Quick! What comes to mind when you hear the phrase “online community?”
Facebook? LinkedIn? Your company’s support forum?
The definition of online community varies depending on who you talk to. Joanne Jacobs, a digital strategist who spoke at a live online session at a past Community Manager Appreciation Day (CMAD), says “Communities are not just a random gathering. They’re a group of people who come together for a purpose.”
Vanessa DiMauro, CEO of Leader Networks, adds that “B2B online communities are professional networks that contain a blend of content and collaboration opportunities around a shared business-based experience.”
Most experts agree that at the heart of every community is a shared purpose. The 2017 Community Values and Metrics Report found that more than half (54%) of respondents listed it as a strategic initiative for their organization.
However, too many branded communities slowly become nothing more than support forums, featuring stale, outdated posts rather than more valuable user-generated content.
Below, we’re taking a look at what a community is not, and breaking down the different types of online communities to help you see how yours can be improved.
1. A community is not simply a means to provide customer support
Yes, many companies have successfully used their branded communities to streamline and more effectively deliver customer support, but this view is slowly shifting. More and more communities are trying to develop advocacy, as evidenced by the 2017 Community Values and Metrics Report: of the 47% of communities who have shifted their focus, the largest group (27%) has begun to focus on advocacy instead.
2. A community is not a place in which a community manager contributes all of the content
Think about it: just as successful support communities have crowdsourced answers to lighten their support load, so should the wider community contribute thoughtful discussion, advice and insights via discussion forums, surveys, blog posts and articles in order to provide a rich variety of perspectives and experiences to the group.
3. A community is not something that grows on its own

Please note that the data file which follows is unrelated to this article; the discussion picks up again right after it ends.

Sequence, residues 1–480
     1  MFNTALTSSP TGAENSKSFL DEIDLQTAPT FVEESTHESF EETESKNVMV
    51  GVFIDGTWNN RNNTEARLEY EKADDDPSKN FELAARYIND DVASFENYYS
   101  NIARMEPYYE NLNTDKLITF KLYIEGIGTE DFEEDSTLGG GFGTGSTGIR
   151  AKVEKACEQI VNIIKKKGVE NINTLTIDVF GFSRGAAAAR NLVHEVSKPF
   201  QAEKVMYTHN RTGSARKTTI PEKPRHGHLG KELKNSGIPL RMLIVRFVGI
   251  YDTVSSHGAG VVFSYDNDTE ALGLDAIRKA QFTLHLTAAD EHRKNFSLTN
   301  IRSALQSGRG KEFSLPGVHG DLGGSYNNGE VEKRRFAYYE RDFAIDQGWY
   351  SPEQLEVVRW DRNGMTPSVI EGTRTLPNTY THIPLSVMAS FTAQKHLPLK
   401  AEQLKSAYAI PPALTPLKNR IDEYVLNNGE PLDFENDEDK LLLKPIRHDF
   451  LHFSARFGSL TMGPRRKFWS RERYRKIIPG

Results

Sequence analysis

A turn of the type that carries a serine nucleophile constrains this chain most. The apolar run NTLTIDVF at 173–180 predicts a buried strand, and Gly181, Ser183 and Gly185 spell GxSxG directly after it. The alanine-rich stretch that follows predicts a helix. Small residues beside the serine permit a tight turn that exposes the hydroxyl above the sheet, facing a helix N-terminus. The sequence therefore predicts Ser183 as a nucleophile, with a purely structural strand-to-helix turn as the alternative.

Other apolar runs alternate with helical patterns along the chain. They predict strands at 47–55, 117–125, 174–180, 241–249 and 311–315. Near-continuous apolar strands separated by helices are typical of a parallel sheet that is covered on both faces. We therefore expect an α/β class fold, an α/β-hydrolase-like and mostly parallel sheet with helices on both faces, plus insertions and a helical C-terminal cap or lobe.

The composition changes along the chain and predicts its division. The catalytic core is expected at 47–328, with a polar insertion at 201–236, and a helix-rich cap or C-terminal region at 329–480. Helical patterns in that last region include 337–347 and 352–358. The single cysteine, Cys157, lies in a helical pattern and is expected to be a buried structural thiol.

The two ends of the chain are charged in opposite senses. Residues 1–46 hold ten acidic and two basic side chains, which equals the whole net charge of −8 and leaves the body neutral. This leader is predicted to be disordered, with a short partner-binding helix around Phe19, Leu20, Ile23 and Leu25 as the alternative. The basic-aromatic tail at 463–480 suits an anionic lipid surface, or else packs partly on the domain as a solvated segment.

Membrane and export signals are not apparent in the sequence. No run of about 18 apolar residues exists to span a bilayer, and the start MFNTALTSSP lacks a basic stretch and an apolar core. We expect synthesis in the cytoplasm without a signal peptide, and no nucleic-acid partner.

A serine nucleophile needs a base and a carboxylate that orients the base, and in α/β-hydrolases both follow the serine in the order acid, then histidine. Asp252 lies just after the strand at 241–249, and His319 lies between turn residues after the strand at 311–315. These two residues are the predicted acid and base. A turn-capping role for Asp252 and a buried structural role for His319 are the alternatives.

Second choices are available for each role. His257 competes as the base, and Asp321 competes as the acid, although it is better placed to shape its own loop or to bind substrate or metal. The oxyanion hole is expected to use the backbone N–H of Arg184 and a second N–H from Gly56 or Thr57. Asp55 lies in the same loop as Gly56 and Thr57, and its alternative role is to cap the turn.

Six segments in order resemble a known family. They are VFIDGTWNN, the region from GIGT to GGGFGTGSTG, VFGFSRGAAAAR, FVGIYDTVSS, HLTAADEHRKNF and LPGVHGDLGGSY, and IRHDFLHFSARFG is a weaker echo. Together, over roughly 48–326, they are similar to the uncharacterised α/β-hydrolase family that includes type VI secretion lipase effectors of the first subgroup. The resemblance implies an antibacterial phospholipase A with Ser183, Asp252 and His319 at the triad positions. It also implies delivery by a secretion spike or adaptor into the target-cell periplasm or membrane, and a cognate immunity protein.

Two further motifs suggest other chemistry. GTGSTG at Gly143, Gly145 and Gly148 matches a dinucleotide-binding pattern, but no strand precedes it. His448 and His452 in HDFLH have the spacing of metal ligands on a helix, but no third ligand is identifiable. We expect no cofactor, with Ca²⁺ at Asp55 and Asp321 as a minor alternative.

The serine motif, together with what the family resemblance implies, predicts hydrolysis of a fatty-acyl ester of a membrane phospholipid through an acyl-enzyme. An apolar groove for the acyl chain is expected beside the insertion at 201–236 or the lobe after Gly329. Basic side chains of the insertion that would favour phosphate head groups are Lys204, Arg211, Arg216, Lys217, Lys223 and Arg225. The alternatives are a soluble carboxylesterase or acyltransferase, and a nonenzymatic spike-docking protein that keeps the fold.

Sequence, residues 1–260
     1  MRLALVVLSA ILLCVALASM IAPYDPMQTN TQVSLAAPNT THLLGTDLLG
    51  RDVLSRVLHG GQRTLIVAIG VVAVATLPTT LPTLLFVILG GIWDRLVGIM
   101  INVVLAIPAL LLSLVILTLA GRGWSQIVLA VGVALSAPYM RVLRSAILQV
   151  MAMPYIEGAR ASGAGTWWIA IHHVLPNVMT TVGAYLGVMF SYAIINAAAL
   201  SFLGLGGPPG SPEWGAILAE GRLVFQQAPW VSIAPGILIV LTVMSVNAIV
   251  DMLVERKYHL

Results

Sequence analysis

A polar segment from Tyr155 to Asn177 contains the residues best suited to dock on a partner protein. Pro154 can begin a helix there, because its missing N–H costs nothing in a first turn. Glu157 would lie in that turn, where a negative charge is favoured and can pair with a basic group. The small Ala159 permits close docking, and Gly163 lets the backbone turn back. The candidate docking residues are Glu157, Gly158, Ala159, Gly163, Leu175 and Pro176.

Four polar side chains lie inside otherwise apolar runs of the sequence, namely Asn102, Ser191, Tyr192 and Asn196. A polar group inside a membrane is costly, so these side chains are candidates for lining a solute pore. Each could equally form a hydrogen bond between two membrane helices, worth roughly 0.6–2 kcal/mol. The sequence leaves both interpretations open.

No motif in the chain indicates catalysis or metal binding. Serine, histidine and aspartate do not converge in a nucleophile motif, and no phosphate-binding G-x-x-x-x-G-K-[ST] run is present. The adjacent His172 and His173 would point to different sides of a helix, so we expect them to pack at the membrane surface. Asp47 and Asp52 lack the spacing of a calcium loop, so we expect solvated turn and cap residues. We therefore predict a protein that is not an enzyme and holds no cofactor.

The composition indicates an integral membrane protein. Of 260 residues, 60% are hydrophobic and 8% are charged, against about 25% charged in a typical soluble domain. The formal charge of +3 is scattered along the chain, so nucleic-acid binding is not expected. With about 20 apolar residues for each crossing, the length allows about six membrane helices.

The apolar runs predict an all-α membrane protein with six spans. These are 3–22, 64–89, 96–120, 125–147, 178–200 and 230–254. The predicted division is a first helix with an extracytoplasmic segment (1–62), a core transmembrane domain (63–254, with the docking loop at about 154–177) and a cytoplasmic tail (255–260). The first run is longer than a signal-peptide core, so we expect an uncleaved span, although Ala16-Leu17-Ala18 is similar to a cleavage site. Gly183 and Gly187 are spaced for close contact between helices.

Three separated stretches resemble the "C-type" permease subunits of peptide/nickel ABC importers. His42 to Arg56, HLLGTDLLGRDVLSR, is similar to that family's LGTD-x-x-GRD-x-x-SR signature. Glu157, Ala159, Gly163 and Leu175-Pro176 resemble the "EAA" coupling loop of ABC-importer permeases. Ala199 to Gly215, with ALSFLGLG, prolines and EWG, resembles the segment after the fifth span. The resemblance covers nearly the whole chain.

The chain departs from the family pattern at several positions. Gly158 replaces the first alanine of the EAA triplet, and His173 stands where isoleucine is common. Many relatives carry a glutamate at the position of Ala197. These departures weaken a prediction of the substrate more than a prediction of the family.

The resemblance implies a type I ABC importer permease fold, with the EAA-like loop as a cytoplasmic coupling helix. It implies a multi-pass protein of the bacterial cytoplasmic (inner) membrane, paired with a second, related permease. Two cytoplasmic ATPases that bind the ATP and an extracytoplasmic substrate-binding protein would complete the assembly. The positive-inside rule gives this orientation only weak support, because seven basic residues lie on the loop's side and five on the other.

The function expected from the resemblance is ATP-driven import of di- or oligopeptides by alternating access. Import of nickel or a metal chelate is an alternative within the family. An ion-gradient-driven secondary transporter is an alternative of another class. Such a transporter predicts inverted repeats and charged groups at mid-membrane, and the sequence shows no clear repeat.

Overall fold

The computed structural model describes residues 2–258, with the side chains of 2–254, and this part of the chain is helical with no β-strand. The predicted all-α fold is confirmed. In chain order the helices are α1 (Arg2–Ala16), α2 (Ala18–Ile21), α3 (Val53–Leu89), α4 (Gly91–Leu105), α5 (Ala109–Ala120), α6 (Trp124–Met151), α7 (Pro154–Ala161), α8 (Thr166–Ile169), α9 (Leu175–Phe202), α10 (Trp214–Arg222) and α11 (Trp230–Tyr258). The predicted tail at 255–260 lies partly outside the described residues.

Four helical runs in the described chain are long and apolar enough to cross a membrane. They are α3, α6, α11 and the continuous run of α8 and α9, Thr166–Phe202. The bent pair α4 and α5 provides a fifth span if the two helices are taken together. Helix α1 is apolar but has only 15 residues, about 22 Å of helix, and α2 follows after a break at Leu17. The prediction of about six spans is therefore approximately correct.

Just like any initiative, branded communities must be nurtured in order to thrive. This means engaging members with fresh content, and recruiting your advocates to share their passion for your company and help you build a vibrant customer community.
Now that you have a better idea of what a community is not, let’s take a look at the different types of online communities. In order to keep it simple, we’ve boiled it down to two main types:
- Public social networks
- Branded online communities
1. Public social networks
Facebook, LinkedIn, YouTube, Quora and Stack Overflow are examples of public social networks. These communities are useful for finding out what customers are saying about your industry—and sometimes, your brand—by allowing you to listen and monitor conversations.
They can also teach some great lessons on engagement, like how to use rewards, upvotes, and paths to external content in order to drive interactions.
And while public social networks can certainly help you create brand awareness and reach by going where your customers are, you’re not as likely to get as much in-depth insight and interaction around your specific brand as you would with a community that you both manage and own.
2. Branded communities
Branded communities can either be public or private. However, rather than using rented properties on public social networks, these communities reside on a brand’s website or other owned property. Because of this, companies with branded communities are able to manage and own data about their site visitors, as well reap the SEO benefits that community content often provides.
Branded public communities, such as Salesforce.com’s Salesforce Discussion Forum or Spiceworks IT community, exist to help customers use products more effectively and to solve customer problems. They also serve as a rich source of lead generation by allowing prospects to see how the company’s existing customers use their product.
Private branded communities, which require a login, help companies develop deeper relationships with customers by giving them a safe place to share ideas, advice and interactions about their brand. Companies often launch private communities with a strategic purpose, such as capturing the voice of the customer or gathering product feedback.
At Influitive, we believe that communities are all about people: their passions, their emotional connections, and their interactions not only with each other, but with the brands they love.
And we’re not alone: according to the 2017 Community Values and Metrics Report, 66% of respondents define their community as a place where members develop relationships with each other online or offline.
To build those relationships in your branded community, it’s up to you to nurture your customers’ passion and build a solid wall of trust that will help you see a return on your online community investment.
The 2017 Community Value and Metrics Report found that the top measures of community ROI being used are:
- Retention (54% of respondents)
- New customers (37%)
- Customer satisfaction ratings (37%)
- Customer loyalty (31%)
- NPS (28%)
Plus, 23% of online communities have now made Acquisition and Advocacy their main focus in order to get closer to their customers and drive awareness and growth for their brand.
Creating a strong community is a cycle. By listening to what your customers are saying, providing them with a community that matches their needs, and applying the feedback they give you, you’ll quickly see increased customer engagement and satisfaction—and your online community will become the valuable asset it was meant to be.
This post was originally posted on March 4th, 2015 and was updated on March 29th, 2017.